Mozambique’s EU-Blacklisted LAM Airlines To Fly To Lisbon

Filed Under: Other Airlines

All the time we see government owned airlines launch routes that are highly questionable, built more around prestige than economics. Well, is there any prestige associated with launching a new flight with a leased plane? I guess we’ll find out soon with LAM Airlines.

LAM Mozambique Airlines Basics

LAM Mozambique Airlines is based in Maputo, Mozambique, and is the small flag carrier of the country. The airline currently has a fleet of six planes, including two 737-700s, two EMB190s, and two Dash 8s.

LAM Mozambique Airlines 737

The airline currently operates domestic flights, as well as services to Kenya, South Africa, and Tanzania.

The airline used to fly to Europe, though in 2011 was blacklisted from the EU over safety concerns.

Well, the airline will now be making a comeback to Europe… sort of?

LAM Airlines To Operate Flight To Lisbon

LAM’s Director General has revealed that LAM Mozambique Airlines will launch 3x weekly flights from Maputo to Lisbon as of March 31, 2020. The route is initially being launched as a trial for six months.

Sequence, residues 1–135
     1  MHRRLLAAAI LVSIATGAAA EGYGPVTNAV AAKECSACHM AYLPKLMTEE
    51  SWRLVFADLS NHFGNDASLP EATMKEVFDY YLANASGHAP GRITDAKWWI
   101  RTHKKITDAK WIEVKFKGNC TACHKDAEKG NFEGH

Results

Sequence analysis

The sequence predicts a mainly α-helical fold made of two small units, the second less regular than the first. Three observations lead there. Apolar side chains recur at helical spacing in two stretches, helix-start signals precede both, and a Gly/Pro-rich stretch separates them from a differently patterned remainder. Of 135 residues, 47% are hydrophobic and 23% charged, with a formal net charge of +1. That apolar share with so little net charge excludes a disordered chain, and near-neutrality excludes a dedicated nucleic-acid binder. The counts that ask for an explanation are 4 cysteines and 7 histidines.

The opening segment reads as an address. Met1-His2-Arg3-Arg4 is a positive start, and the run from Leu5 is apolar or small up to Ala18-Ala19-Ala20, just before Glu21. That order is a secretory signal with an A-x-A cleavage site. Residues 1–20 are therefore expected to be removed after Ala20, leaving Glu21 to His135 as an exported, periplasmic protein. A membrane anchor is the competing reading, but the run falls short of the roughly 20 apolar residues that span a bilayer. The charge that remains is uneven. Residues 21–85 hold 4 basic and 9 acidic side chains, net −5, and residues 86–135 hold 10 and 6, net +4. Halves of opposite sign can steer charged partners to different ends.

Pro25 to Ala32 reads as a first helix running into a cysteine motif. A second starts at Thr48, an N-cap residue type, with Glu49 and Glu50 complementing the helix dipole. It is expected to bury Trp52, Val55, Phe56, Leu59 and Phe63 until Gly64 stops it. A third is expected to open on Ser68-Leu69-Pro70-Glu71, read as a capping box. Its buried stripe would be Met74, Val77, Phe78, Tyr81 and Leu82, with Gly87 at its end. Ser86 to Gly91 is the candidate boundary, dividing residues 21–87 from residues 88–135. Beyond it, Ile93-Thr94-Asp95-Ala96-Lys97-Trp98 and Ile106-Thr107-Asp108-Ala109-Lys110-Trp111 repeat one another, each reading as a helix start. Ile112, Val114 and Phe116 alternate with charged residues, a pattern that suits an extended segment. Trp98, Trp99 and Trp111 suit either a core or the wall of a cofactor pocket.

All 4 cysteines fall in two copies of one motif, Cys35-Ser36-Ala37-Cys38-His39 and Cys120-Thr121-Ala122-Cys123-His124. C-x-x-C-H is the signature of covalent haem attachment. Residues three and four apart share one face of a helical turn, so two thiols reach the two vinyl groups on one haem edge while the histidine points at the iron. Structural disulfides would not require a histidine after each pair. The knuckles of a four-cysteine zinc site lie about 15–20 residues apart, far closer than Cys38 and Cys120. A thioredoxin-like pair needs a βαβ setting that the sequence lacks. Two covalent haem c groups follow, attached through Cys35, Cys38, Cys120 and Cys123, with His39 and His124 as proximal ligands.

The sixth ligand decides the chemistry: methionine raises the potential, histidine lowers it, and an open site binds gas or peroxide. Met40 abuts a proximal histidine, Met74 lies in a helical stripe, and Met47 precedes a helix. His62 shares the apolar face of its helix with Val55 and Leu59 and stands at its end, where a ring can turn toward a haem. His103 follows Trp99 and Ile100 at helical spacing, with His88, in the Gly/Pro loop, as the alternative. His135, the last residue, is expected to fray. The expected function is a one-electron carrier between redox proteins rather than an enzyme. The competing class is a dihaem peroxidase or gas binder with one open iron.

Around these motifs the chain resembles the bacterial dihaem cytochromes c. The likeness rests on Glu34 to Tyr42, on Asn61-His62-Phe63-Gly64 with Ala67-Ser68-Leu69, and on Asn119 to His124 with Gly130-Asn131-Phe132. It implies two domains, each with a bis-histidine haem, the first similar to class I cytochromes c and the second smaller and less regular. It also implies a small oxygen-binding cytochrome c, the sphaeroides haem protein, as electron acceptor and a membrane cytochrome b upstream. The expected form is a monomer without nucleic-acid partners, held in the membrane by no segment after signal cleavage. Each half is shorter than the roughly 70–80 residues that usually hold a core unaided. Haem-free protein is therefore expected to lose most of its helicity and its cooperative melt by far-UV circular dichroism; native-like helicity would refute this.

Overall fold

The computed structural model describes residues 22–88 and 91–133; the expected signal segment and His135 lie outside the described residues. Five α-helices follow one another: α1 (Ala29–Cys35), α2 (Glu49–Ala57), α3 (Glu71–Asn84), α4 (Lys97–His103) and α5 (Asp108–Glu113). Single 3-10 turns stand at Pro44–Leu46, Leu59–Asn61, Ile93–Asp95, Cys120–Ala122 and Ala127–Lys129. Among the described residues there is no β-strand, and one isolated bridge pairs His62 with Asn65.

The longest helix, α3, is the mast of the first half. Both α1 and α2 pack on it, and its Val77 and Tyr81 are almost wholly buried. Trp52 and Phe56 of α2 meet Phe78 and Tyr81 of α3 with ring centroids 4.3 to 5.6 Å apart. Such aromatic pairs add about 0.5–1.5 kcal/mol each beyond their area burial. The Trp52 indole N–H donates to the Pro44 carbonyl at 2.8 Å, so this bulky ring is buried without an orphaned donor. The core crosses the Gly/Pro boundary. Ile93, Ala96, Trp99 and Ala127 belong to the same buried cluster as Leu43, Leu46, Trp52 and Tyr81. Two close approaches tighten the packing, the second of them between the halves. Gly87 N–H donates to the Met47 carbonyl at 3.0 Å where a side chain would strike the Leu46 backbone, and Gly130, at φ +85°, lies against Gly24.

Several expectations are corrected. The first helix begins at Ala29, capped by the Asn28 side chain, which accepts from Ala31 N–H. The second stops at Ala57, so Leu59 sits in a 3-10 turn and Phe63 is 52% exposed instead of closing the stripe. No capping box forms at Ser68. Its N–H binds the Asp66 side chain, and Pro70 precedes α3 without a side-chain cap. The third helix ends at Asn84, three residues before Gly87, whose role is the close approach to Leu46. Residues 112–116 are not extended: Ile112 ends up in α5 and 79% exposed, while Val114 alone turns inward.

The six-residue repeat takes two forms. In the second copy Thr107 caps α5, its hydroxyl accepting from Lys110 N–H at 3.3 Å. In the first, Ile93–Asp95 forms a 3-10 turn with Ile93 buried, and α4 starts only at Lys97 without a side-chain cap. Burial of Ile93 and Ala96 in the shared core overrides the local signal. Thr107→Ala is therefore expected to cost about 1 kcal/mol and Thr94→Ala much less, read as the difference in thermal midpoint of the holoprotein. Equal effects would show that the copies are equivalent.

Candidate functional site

Given their EU blacklist, LAM intends to lease a Hi Fly A340-300 for the service, featuring about 260 seats.

Hi Fly A340

Hi Fly A340

The ~5,200 mile flight will operate from Maputo to Lisbon on Wednesdays, Fridays, and Sundays, and from Lisbon to Maputo on Tuesdays, Thursdays, and Saturdays. An exact schedule hasn’t yet been revealed, though.

TAP Air Portugal Also Operates This Route

TAP Air Portugal currently operates this route 3x weekly, and it will shortly be operated using an A330-900neo (currently it’s operated by an A340-300), so that’s quite a nice plane for the route.

TAP Air Portugal A330-900neo

This is where the whole situation gets weird. Does LAM plan on competing with TAP? Well, LAM’s Director General says they want to negotiate a partnership with TAP so that there are almost daily flights between the two countries:

“We want, if possible, a partnership with TAP for a direct flight almost daily.

Within three or four years we would like to have daily flights between the two operators, with code sharing so that a person can buy a flight from Porto to Nampula, for example. But also vice versa, from Pemba to Porto, or to New York or London.”

So, it sounds like LAM wants a partnership with TAP, but hasn’t actually agreed on anything? If so, I’m not sure TAP would actually want much of an agreement in this situation? They’re having another airline come in and compete with them head-to-head with a leased plane, and increasing capacity to a level that’s not supported by current demand?